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Miami Herald

Letter: ALF residents lack protection

Monday, April 02, 2012
By reader submitted

The 2012 legislative session has concluded and unfortunately no legislation was passed addressing the protection against arbitrary eviction for residents in Assisted Living Facilities (ALFs). The Governor's Assisted Living Facility Workgroup recommended enacting eviction protections and several legislators proposed bills. However, lack of protections for ALF residents remains a reality.

The law currently allows an ALF administrator to relocate or terminate a resident for almost any reason, as long as the administrator provides a 45-day notice and documents the reason.
Florida ALF residents, numbering almost 80,000, cannot challenge their eviction in court even though they rent a unit just like an apartment dweller. Some of them have advanced care needs similar to residents of nursing homes, but don't have basic due process protections.
Administrators may decide to relocate a resident for making what may be legitimate complaints to state agencies involving things like poor care or lack of food. For example, a resident was recently evicted after filing a complaint with the Ombudsman Program. The reason given for eviction was, "The resident was not happy here."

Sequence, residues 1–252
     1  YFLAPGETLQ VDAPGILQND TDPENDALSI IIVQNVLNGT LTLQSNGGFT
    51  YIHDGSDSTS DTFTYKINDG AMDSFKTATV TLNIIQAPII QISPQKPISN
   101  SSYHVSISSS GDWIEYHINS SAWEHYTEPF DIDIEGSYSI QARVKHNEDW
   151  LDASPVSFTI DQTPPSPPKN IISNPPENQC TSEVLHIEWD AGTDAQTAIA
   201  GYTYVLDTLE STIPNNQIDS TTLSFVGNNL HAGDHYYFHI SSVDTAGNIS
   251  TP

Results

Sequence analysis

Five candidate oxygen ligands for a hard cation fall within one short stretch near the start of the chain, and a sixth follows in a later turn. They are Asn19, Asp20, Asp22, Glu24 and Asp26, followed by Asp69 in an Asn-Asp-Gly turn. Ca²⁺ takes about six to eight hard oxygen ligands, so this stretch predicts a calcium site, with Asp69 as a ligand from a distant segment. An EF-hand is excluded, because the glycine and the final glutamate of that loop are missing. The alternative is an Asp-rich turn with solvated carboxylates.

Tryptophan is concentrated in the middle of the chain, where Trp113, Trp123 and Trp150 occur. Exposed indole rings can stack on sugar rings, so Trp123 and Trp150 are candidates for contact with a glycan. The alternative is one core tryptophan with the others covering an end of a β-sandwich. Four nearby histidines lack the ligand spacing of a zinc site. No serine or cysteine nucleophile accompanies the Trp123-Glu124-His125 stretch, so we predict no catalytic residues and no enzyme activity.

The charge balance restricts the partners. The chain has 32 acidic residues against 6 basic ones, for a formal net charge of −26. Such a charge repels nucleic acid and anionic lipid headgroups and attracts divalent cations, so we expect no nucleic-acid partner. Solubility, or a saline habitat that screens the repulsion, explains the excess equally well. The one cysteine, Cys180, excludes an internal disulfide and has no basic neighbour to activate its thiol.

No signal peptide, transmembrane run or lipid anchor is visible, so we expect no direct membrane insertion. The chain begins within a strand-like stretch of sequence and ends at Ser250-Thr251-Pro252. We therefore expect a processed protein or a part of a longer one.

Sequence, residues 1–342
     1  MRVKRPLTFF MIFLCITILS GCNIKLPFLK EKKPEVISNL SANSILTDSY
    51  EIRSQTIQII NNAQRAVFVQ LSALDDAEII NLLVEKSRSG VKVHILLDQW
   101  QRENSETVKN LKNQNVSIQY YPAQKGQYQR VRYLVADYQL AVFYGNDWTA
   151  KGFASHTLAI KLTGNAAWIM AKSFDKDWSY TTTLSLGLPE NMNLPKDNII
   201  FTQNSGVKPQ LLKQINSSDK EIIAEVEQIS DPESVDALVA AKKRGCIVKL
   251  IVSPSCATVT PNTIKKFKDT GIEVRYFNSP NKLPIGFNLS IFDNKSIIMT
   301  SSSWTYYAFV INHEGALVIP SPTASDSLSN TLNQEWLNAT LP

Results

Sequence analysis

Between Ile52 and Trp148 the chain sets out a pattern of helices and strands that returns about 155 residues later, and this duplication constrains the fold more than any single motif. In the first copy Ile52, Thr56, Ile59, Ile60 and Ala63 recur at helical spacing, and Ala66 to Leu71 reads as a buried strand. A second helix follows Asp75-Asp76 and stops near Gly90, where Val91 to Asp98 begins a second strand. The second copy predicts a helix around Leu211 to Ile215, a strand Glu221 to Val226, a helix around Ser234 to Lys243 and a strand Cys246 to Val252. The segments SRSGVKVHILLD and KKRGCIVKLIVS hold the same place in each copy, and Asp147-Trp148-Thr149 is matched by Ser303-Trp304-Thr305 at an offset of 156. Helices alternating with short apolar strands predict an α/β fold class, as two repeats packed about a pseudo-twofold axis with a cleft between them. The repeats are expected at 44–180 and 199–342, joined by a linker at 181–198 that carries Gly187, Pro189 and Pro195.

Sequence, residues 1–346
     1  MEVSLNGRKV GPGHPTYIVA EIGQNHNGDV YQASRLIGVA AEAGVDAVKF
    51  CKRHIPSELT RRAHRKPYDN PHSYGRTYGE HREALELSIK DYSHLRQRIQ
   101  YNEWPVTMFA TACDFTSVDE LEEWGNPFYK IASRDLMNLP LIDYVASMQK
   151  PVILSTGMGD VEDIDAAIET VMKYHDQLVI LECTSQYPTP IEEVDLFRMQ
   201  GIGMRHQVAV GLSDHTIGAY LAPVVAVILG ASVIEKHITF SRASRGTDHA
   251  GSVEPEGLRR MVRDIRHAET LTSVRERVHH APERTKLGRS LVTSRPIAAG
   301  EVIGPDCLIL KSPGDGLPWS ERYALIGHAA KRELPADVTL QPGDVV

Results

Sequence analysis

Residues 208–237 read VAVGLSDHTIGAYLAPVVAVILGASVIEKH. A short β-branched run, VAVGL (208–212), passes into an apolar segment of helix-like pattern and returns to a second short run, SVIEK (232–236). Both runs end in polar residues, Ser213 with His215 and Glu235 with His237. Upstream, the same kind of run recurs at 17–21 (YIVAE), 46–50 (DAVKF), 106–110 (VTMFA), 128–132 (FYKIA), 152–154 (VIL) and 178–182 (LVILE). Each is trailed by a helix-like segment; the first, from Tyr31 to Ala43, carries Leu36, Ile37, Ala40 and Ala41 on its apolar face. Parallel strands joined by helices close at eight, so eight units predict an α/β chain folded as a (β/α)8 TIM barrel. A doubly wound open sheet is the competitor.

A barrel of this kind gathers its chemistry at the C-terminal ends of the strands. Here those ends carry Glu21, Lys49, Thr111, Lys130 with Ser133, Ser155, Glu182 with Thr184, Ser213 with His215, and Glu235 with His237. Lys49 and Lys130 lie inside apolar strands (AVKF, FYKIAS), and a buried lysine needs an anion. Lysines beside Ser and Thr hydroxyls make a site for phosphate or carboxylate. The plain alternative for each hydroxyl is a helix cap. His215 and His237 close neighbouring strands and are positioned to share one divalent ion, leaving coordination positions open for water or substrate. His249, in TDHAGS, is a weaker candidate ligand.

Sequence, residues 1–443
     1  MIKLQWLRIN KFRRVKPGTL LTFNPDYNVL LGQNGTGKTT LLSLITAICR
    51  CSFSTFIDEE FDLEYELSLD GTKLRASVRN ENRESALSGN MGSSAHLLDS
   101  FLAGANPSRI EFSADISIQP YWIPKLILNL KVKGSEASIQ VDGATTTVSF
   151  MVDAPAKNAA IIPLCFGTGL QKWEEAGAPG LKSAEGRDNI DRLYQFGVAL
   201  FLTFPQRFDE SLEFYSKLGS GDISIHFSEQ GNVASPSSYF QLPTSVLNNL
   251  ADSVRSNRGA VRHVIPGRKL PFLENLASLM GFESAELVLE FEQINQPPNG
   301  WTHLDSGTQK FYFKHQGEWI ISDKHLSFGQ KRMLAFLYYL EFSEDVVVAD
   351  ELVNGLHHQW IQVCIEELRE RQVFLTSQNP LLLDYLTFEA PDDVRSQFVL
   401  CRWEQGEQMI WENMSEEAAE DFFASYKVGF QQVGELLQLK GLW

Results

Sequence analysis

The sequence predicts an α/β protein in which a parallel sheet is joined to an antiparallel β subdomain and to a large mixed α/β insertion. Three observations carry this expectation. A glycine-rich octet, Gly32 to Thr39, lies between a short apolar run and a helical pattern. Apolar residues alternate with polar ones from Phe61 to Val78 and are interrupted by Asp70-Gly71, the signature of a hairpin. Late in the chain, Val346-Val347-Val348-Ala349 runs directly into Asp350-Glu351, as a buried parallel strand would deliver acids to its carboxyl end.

The Ombudsman Program investigated 75 inappropriate ALF eviction complaints and 72 fear of retaliation complaints during 2010-11. An even greater number of arbitrary discharges may have occurred, but were not reported. When a resident is relocated from an ALF, the facility isn't obligated to report its action to any governmental entity, no matter the circumstances or the frailty of the resident.

We need to pass legislation providing basic due process including the ability to challenge a proposed relocation in a neutral forum and the requirement that a 45-day written notice be handed to the resident and documented as being given. Establish standards for the appropriate relocation of residents, such as changes in medical condition, failure to pay and behavioral changes necessitating a different setting. Require the ALF to notify the Ombudsman Program of any notice issued and permit a representative of the local ombudsman council to meet with the resident and work with the administrator to resolve the issue, if possible and appropriate.

These recommendations will protect ALF residents from inappropriate evictions, allowing residents to seek redress of any concerns about their care and quality of life without fear of retaliation.

To work with us to better the lives of all long-term-care facility residents, call 1-888-831-0404 or visit ombudsman.myflorida.com to find out how you can volunteer. If you do not have the time to commit to the program, urge your legislators to support positive changes for ALF residents, including protection from arbitrary evictions.

Jim Crochet, state ombudsman, Long-Term Care Ombudsman Program, Tallahassee